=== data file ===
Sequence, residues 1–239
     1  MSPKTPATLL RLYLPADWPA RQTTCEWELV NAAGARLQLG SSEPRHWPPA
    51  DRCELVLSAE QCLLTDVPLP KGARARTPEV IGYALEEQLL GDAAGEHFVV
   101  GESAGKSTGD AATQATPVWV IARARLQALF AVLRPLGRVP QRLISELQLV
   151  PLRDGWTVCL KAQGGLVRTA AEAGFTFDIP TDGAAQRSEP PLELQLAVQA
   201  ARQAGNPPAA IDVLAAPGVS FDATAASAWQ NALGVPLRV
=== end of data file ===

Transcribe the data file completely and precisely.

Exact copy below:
Sequence, residues 1–239
     1  MSPKTPATLL RLYLPADWPA RQTTCEWELV NAAGARLQLG SSEPRHWPPA
    51  DRCELVLSAE QCLLTDVPLP KGARARTPEV IGYALEEQLL GDAAGEHFVV
   101  GESAGKSTGD AATQATPVWV IARARLQALF AVLRPLGRVP QRLISELQLV
   151  PLRDGWTVCL KAQGGLVRTA AEAGFTFDIP TDGAAQRSEP PLELQLAVQA
   201  ARQAGNPPAA IDVLAAPGVS FDATAASAWQ NALGVPLRV